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by Richard Rankin, 2006

Atticus was the pseudonym employed by the author of a scathing, 4,500-word letter printed on the front page of the 7 Nov. 1771 issue of the Virginia Gazette (Williamsburg). Atticus accused North Carolina royal governor William Tryon of mishandling the Regulator uprising and called for an end to prosecution of the movement's leaders. Tryon's response to backcountry grievances, according to Atticus, exhibited a rashness, an arrogance, and a vindictiveness that infuriated the Regulators, deepened their antipathy toward the establishment, and contributed to continuing disorder.

Beginning with Francis X. Martin in his 1829 History of North Carolina from the Earliest Period, many historians have identified Atticus as Maurice Moore Jr., a colonial jurist, Whig pamphleteer, and member of an illustrious Lower Cape Fear planter family. Neither Martin nor subsequent historians, however, have offered documentation to support their claim. As colonel of a troop of Gentlemen Volunteer Light Dragoons, Moore accompanied Tryon in his first military expedition against the Regulators in the hinterlands. If indeed Atticus was Moore, Atticus's call for leniency reversed his earlier opposition to the Regulators as evidenced by his participation in Tryon's expedition against them.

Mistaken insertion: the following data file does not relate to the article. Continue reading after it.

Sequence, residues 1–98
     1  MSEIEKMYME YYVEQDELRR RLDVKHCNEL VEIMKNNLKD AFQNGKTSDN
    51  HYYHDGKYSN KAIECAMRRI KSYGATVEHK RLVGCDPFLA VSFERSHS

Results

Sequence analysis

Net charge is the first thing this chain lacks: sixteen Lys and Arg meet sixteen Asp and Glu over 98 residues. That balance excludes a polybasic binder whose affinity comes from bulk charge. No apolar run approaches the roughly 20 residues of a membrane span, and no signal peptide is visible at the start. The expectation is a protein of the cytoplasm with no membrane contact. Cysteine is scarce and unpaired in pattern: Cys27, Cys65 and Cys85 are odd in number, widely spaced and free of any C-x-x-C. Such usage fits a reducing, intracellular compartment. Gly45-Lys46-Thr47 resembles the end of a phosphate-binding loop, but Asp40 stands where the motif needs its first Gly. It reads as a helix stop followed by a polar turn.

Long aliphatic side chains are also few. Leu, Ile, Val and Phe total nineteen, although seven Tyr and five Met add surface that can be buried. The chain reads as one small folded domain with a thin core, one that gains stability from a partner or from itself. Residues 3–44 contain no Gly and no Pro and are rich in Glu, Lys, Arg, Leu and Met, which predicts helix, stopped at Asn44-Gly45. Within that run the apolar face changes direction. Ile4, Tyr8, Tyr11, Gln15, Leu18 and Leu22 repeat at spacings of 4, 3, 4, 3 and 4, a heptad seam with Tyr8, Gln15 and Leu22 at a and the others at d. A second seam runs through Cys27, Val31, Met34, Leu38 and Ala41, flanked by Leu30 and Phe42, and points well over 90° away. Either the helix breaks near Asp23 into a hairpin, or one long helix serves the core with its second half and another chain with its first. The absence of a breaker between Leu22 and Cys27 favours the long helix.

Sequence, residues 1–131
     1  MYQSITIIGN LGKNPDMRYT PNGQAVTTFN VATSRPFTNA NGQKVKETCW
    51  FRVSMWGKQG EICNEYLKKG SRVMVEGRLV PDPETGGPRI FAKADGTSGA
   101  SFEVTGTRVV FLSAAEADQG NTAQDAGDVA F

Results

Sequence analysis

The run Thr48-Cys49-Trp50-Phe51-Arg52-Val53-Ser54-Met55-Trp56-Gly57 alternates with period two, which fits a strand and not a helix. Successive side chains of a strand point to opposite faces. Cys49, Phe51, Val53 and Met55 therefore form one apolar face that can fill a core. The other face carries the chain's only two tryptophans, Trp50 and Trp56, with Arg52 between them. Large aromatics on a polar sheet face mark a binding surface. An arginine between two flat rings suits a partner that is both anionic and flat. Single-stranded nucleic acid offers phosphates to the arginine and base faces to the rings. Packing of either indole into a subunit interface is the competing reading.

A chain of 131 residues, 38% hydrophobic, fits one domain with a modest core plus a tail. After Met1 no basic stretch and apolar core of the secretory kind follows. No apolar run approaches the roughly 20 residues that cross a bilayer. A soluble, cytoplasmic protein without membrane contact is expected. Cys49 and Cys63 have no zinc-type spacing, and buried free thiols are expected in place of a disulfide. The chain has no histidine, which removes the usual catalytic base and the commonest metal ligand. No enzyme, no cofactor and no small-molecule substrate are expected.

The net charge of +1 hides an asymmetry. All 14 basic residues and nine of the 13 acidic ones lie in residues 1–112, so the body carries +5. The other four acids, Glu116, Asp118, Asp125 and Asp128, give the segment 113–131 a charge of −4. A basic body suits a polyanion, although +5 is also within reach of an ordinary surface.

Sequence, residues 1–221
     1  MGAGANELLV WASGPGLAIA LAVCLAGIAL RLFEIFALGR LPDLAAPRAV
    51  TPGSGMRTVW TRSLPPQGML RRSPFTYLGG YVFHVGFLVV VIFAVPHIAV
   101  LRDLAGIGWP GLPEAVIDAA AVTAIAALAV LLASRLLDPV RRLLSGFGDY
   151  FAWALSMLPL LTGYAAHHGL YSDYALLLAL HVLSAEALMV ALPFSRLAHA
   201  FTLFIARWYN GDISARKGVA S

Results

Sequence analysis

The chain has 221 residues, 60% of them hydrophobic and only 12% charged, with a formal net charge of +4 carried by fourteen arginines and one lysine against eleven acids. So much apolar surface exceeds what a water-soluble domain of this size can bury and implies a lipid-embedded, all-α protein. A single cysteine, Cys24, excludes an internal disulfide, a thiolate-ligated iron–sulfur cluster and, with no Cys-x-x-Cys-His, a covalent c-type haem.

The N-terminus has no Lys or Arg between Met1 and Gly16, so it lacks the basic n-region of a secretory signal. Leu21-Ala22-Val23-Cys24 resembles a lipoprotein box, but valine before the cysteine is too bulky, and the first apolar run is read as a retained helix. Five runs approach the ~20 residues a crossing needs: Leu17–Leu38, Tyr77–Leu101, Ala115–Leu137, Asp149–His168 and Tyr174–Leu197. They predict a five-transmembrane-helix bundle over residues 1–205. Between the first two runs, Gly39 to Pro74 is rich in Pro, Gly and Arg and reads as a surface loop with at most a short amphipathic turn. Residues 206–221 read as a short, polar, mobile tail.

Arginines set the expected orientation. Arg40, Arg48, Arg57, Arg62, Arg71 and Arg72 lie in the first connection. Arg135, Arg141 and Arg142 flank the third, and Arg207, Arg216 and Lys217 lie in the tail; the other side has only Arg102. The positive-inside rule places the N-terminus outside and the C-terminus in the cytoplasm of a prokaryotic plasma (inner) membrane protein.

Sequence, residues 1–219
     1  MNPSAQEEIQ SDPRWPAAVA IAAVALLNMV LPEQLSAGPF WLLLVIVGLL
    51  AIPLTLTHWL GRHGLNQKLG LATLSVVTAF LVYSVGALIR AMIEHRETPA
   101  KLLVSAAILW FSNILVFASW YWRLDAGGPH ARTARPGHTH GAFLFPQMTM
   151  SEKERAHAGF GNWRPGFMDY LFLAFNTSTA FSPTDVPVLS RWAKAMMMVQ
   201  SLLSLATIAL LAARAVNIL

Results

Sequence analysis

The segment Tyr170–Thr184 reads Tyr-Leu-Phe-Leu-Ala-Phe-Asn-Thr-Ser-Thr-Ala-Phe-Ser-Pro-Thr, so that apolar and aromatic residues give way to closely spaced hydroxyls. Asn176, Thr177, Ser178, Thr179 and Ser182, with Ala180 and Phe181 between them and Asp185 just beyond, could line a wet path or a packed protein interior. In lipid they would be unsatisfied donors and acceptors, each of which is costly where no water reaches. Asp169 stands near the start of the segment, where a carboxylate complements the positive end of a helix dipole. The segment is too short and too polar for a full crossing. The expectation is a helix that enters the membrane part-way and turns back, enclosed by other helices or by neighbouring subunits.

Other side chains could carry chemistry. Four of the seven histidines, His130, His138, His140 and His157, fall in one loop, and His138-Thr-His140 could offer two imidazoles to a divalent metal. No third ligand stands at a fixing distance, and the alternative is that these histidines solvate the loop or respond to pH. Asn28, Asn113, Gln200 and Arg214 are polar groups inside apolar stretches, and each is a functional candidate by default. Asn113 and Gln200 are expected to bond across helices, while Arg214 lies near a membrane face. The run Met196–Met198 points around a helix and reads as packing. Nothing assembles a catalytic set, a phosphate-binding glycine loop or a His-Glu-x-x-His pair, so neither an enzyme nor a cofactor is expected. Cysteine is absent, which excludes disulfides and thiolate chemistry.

William S. Powell, ed., The Correspondence of William Tryon (2 vols., 1981).

William S. Price Jr., "Maurice Moore Jr.," Dictionary of North Carolina Biography, vol. 4 (1991).

Additional Resources:

"Letter from "Atticus" to William Tryon [as printed in the Virginia Gazette]."  Colonial and State Records of North Carolina Volume 8. Raleigh. 1886. p.718-727. (accessed August 31, 2012).

"The War of the Regulation." The North-Carolina Journal of Education II. No. 11. November 1857.  p. 336.,14315  (accessed August 31, 2012).

Boyd, William K. "Justice and Policy of Taxing the American Colonies in England (1765). By Maurice Moore: Introduction." Some eighteenth century tracts concerning North Carolina. Raleigh [N.C.]: Edwards and Broughton. 1927. p. 160.,259746  (accessed August 31, 2012).




I don't understand what ispseudonym.


Hi Claire,

That's a really good question.

A pseudonym is a made-up name that some writers use professionally.  A good example is the children's writer "Dr. Seuss."  His real name -- that is, the name his parents gave him -- was Theodore Seuss Geisel.  

I hope this helps!

Kelly Agan, NC Government & Heritage Library

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